Conceptually at least, The Darkness II appears to be unapologetically shallow. Based on the Image Comics series, it’s a tale about a young Mafioso named Jackie Estacudo who is possessed by the titular evil, a literal inward struggle for his soul, and for the soul of his beloved. Internally, the Darkness promises, threatens and bargains with its host, hoping to shape his actions to its own mysterious ends. When Jackie fights, the malevolent Darkness manifests itself externally, protruding from his shoulders and taking the form of two black anaconda-like limbs to butcher his enemies.
It’s a game that revels in contrast. Here the demonically possessed Jackie is pinned to a crucifix. His effeminate good looks – high cheekbones, flowing locks, narrow jaw – are juxtaposed against the disabled grotesque who is interrogating him. This villain is in the vein of Richard III, he wishes to take the Darkness and bend it to his own evil purposes.
In another scene, it’s opulence in squalor: prostitutes behind velvet curtains to ply their trade in a derelict warehouse (“So much suffering!” delights the Darkness within Jackie). Then there's opposing depictions of the Mafia borrowed from popular media. The game indulges our romanticised notions of a quasi-religious secret criminal fraternity turned out in three-piece suits. Elsewhere they’re greaseball thugs in gold chains and jogging suits.
The cel-shaded presentation itself seems at times almost monochromatic in contrast, something developer Digital Extremes calls “graphic noir”. It’s a nod to the Image Comics source material.
The Darkness II is happy to cater to our bottomless appetites for visual gratuity and pop culture fare at every turn: there’s no room for meaningful interpretation here, no real subtext, no obfuscation or social commentary, and the game doesn’t suffer for it in the slightest. The Darkness within Jackie is a very literal manifestation of the “inner demons” that we all struggle with. Can he master it and turn it to his own purposes, or will it consume and control him?
Beneath the pop culture sugar-rush lies an engaging hack’n’slash-shooter hybrid, couched by some intriguing, thematically appropriate mechanics. The Darkness cannot abide the light. Jackie has entered the aforementioned warehouse after receiving a tip that the cultists who put a hit out on him earlier in the game are holed up within. As Jackie fights through the clandestine brothel, he must destroy sources of light either by shooting them with guns, or by destroying the generators that power them.
Shooting is unremarkable in the true sense of the word. This industry has been turning out first-person shooting mechanics for the better part of eighteen years. The arsenal of guns works as intended. The real showpiece is the Darkness itself. One glistening, barbed black limb grabs and grasps, the other whips and rends. The Darkness can tear out a thug's heart for health, or capture him, dangle him in the air and perform one of many brutal executions that should leave little doubt this game will carry a restricted tag upon its release. Each execution provides a different reward, be it additional health, ammo, or points to level Jackie’s skills further. Those skills are divided into four subsets of ability upgrades that allow some customisation and player-defined determination.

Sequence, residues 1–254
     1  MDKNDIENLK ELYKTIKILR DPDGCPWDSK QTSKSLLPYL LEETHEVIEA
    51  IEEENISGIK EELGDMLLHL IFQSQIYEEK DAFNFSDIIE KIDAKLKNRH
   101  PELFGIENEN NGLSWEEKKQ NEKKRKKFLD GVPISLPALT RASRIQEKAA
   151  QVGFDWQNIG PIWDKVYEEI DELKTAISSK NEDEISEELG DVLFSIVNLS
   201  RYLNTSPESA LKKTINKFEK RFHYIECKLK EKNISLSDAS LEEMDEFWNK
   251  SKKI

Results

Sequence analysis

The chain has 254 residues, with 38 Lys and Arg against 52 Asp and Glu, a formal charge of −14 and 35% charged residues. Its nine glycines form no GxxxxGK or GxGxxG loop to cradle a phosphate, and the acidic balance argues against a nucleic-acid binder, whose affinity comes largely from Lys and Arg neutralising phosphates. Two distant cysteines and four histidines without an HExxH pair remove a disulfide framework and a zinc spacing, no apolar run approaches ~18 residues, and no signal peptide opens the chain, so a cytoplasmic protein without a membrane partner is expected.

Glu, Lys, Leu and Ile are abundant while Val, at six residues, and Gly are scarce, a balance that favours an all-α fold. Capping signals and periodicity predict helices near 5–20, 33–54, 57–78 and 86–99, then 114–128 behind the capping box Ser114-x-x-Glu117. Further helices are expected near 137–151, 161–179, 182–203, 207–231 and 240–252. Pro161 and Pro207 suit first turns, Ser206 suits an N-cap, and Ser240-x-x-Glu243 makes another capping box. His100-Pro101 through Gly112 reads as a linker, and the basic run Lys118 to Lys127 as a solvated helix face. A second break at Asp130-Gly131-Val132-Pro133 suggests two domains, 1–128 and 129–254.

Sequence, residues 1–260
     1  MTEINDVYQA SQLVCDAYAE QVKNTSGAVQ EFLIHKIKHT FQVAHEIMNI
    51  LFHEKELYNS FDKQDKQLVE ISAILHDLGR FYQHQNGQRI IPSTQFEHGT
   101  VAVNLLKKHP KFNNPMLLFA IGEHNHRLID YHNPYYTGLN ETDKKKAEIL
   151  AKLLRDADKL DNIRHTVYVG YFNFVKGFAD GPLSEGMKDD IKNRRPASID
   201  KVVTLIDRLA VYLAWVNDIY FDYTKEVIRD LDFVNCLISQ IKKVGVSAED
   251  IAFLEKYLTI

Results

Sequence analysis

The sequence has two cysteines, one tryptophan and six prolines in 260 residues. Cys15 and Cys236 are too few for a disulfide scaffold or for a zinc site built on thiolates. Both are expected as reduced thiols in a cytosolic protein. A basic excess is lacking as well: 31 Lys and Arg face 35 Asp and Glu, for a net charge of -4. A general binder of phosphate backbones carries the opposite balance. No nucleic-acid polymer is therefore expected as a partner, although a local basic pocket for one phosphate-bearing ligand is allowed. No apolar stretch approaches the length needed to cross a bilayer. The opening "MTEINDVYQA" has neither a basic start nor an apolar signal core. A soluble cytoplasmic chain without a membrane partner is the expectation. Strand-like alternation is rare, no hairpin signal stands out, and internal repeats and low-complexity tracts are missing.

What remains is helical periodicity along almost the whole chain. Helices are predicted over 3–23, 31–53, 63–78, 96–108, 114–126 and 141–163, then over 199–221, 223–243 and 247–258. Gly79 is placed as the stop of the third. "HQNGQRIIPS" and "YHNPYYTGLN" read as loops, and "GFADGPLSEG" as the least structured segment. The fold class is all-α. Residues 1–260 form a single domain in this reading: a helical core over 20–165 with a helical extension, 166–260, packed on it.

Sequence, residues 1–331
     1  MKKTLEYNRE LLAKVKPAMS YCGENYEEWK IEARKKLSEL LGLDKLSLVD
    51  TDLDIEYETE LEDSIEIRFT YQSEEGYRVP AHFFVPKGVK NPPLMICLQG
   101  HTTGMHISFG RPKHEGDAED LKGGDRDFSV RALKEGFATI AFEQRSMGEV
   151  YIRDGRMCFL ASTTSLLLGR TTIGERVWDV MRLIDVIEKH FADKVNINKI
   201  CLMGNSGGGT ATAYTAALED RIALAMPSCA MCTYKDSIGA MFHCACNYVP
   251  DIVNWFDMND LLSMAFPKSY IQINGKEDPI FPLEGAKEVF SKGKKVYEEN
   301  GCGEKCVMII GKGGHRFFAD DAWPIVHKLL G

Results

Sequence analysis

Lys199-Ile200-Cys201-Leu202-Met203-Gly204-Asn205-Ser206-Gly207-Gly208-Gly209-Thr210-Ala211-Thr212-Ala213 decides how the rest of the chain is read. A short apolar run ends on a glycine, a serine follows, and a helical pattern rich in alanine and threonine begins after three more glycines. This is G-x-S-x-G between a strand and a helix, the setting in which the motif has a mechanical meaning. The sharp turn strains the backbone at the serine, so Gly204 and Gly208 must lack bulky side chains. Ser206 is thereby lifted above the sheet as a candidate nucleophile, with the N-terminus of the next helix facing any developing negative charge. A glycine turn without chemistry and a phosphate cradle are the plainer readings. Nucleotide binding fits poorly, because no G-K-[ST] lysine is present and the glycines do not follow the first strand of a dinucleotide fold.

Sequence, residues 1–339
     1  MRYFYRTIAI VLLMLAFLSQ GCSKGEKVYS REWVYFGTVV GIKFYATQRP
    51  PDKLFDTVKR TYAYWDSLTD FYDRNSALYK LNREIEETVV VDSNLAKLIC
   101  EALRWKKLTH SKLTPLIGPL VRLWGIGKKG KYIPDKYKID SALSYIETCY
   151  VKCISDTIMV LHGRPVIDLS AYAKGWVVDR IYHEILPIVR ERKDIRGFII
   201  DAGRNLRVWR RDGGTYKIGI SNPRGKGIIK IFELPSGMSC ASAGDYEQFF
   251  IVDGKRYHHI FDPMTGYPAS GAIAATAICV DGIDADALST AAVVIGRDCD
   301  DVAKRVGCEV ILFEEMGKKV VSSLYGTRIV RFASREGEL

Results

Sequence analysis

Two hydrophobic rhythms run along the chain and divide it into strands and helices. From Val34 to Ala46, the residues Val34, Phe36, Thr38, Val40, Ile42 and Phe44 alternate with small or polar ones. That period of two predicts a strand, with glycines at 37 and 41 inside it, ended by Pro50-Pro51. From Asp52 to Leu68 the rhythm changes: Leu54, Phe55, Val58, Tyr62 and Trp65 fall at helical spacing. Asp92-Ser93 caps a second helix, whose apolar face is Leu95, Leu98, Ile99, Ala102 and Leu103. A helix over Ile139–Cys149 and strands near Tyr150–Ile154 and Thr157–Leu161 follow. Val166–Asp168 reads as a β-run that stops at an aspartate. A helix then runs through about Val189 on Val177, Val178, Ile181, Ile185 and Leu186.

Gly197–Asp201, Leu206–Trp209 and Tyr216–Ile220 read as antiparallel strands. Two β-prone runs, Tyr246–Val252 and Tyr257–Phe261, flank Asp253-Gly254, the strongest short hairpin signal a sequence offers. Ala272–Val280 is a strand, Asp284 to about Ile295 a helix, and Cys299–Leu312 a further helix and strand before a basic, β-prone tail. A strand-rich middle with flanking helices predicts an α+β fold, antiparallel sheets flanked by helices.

Differentiation and comic relief comes in the form of a cockney imp, or Darkling. When the diminutive nether-punk isn’t relieving himself on massacred chunks of his dispatched adversaries, or whistling God Save the Queen, Jackie can possess his sidekick and undertake light stealth sections.
With Starbreeze, the developer of the original The Darkness, working on a reboot of Syndicate, duties on The Darkness II have been awarded to Digital Extremes. While studio’s name is attached to the long dormant Unreal series, of late it has been working on ports – Homefront to PC, BioShock to PlayStation 3 – and, in creating BioShock 2’s multiplayer, supplementary offerings to the work of lead studios. Its last full offering was Dark Sector, a forgettable game largely remembered in this part of the world for its refusal of classification in Australia, and its subsequent watered down release.
The Darkness II represents the studio’s first chance at claiming a return to form. There’s now little question that the game is admirable fan service, it plays soundly and it's certainly aesthetically pleasing. But as the development and marketing budgets for games at the top of the market spirals upwards just as many gamers are becoming more enamoured with low-cost or free indie games at the bottom, it’s a matter of whether it can be heard in a polarising landscape.
Two circumstances will greatly help with that. The first is further confirmation in the form of Rocksteady's Batman: Arkham City that comics can make a highly successful transition to games. There can also be no doubt that The Darkness has benefitted greatly from being pushed into early 2012. 2K can sleep easier knowing there’s now little in the way of divisive competition when the game finally releases. More importantly, the additional development time is already showing through in a more polished and engaging product than the game we saw in May.
The Darkness II is coming to PC, Xbox 360 and PlayStation 3 in early February, 2012.